correct as a matter of tax law. The airline ticket in and of itself has no monetary value, even as
scrap paper. The value of the ticket lies wholly in the right acquired by the 'purchaser' the
passenger to demand a presentation from BOAC, which presentation consists of the carriage
of the 'purchaser' or passenger from one point to another outside the Philippines. The ticket is
really the evidence of the contract of carriage entered into between BOAC and the passenger.
The money paid by the passenger changes hands in the Philippines. But the passenger does not
receive in the Philippines the consideration therefor the service undertaken to be delivered by
BOAC. The 'purchase price of the airline ticket' is quite dierent from the purchase price of a
physical good or commodity such as a pair of shoes or a refrigerator or an automobile; it is
really the compensation paid for the undertaking of BOAC to transport the passenger or cargo
outside the Philippines. (Underscoring in the original).
The characterization of the BOAC transactions either as sales of personal property or as
purchases and sales of personal property, appear entirely inappropriate from another viewpoint.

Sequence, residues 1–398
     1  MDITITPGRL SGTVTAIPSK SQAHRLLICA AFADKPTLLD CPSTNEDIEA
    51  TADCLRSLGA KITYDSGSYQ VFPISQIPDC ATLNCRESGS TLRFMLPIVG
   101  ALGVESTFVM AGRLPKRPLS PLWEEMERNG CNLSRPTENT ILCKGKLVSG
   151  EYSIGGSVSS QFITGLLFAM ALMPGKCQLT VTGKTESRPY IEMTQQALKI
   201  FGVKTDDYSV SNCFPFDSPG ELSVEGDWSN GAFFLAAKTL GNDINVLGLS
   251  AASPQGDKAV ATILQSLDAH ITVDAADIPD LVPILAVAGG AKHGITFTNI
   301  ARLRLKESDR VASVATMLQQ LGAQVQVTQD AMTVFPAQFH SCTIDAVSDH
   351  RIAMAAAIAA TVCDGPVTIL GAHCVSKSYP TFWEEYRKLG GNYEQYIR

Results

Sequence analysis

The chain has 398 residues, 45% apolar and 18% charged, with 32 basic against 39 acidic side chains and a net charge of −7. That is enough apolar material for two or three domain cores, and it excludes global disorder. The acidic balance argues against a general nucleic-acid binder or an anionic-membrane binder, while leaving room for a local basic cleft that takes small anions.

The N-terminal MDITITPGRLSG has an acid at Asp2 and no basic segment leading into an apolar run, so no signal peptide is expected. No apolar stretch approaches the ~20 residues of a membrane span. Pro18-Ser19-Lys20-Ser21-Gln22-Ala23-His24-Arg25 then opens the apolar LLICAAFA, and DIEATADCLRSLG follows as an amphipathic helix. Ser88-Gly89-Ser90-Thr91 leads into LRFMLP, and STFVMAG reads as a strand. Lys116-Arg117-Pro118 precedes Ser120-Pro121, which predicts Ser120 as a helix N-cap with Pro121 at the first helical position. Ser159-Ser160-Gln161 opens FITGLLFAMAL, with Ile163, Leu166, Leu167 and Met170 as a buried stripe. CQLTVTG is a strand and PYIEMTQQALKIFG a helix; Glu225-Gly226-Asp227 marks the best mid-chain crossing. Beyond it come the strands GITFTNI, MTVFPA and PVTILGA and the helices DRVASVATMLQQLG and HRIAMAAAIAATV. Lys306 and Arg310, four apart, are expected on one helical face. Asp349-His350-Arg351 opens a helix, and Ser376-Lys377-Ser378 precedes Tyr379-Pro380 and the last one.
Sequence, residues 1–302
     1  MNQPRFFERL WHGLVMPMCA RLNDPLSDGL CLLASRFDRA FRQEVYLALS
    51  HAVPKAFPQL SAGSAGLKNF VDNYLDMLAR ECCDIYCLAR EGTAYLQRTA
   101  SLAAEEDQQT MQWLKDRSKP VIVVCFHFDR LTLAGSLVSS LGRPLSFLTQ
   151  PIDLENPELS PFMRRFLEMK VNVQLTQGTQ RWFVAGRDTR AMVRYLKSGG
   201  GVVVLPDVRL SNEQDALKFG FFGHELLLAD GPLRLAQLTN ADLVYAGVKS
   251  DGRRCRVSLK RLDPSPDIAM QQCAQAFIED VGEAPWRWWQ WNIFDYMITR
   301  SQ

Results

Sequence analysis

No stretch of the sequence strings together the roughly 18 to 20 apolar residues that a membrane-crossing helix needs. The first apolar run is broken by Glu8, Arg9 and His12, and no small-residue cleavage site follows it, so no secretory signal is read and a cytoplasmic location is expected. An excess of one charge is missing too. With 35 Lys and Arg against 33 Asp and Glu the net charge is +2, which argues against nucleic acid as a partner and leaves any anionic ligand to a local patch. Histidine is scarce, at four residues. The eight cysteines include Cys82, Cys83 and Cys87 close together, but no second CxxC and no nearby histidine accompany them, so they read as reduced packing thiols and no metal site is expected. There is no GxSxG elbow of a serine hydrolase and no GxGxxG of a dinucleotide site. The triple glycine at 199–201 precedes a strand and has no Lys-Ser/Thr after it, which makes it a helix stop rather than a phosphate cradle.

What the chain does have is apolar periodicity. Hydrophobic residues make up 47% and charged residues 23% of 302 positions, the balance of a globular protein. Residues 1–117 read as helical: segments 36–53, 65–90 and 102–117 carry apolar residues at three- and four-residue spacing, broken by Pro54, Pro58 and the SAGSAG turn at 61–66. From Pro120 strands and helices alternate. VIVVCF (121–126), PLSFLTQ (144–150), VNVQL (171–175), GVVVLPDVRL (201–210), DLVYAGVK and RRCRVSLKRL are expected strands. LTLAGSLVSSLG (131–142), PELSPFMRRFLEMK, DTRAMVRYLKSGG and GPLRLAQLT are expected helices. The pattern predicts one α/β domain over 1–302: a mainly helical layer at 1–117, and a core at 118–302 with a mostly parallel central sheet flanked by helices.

Consider rst purchases and sales; is BOAC properly regarded as engaged in trading in the
purchase and sale of personal property? Certainly, BOAC was not purchasing tickets outside the
Philippines and selling them in the Philippines. Consider next sales: can BOAC be regarded as
'selling' personal property produced or manufactured by it? In a popular or journalistic sense,
BOAC might be described as 'selling' 'a product' its services. However, for the technical
purposes of the law on income taxation, BOAC is in fact entering into contracts of service or
marriage. The very existence of 'source rules' specically and precisely applicable to the rendition
of services must preclude the application here of 'source rules' applying generally to sales, and
purchases and sales of personal property which can be invoked only by the grace of popular
language . . . ." (149 SCRA 421-422; italics supplied).